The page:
F: All the substances you have mentioned above are either pure chemicals manufactured in labs or some plants which went through a heavy chemical process to produce the final product like cocaine, heroin, opium and DMT. Ayahuasca on the other hand does not go through any chemical process in a lab like extraction, bleaching, altering etc. Yes I know that DMT is being extracted to be smoked but again I tried that too and it has nothing to do with Ayahuasca really. It is like coca leaves that are chewed by the people of the Andes to give them energy to be able to climb the mountains but when these leaves undergo the chemical process to become cocaine, you will have a destructive substance at hand. My take is that anything could be used for or against oneself…
V: I disagree because living a healthy lifestyle and taking care of yourself cannot be used against you. On the other hand, plants or chemicals that get you high are very likely to be used against oneself. And others as well.
F: (cont. from above) …even the highest teachings [can be used against oneself]. The ego can turn these teachings into objects to use for reasons like fame or money. We can see this in the whole Neo Advaita movement.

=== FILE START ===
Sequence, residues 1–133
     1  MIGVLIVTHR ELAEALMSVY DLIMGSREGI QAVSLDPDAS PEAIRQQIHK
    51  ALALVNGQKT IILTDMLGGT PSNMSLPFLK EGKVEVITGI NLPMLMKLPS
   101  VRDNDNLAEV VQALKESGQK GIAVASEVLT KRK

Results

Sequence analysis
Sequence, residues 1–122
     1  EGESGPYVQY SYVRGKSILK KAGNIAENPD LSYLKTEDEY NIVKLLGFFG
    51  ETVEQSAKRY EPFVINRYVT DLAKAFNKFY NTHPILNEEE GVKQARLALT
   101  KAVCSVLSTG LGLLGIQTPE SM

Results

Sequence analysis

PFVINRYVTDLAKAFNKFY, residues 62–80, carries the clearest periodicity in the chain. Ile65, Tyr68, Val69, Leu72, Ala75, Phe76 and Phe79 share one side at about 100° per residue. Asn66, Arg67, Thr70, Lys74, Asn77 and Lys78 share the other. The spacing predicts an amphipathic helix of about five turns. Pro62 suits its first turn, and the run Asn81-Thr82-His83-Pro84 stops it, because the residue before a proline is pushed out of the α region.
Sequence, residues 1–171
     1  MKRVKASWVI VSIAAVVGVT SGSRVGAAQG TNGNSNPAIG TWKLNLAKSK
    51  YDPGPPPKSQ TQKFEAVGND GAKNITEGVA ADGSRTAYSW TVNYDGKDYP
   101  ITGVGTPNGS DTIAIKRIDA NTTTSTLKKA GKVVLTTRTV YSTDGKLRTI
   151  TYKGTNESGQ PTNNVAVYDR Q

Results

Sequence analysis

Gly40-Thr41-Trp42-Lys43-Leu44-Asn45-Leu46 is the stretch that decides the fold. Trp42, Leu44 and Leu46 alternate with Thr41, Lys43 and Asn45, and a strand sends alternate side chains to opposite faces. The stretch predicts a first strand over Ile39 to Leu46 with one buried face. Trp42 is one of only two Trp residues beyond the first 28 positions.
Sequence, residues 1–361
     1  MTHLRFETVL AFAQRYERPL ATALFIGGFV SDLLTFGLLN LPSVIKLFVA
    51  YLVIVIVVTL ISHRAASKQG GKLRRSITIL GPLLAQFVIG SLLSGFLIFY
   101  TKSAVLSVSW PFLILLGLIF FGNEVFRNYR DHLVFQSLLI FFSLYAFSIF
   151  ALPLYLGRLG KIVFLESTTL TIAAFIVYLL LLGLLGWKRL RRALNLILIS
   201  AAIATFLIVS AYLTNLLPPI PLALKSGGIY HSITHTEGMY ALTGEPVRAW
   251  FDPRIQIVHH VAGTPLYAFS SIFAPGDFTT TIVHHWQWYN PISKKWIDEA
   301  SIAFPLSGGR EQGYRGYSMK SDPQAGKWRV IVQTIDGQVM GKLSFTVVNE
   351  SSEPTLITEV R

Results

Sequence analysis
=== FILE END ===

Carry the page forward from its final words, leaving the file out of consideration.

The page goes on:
V: Yes. I truly despise that sort of thing. Not Neo Advaita, but using the teaching for fame and money.
F: I might drink Ayahusca again. Or maybe not. I am not really attached to doing it as it is a very tough process and requires full dedication and immersion.
V: Well, you know my thoughts on this. But I’m not the kind of teacher to try to tell you what to do. You’re a grownup. I’m just giving you what I’d like to think are well-informed opinions, in the same way I’d sit and discuss spiritual stuff with my friends, with whom I don’t always agree and often have heated debates. So even if I give you some grief, I’m doing it in the spirit of two buddies having a chat over a cup of coffee…or perhaps ayahuasca 🙂 Just kidding, just kidding, I couldn’t resist.
V: (from previous email) What do you mean by ‘full path’? For me, a full path is not one that only helps to purify the mind. A full path is one that shows you that ultimately you are pure because you are not the mind. What are your thoughts on that?
F: What I mean by a full path is it helps you remove ignorance from the inside out by uprooting the cause of every delusion until one is ready enough to know their true identity as pure being. It is like the Vedas. They reveal all the details of how to live life in all its shades and when ready one immerses oneself in the final stage that is Advaita Vedanta. Shamanism is like that, a complete path unto itself and Ayahusca is a part of it, a very powerful tool that purifies.
V: Thanks for elaborating.
HAVE A QUESTION? Contact me.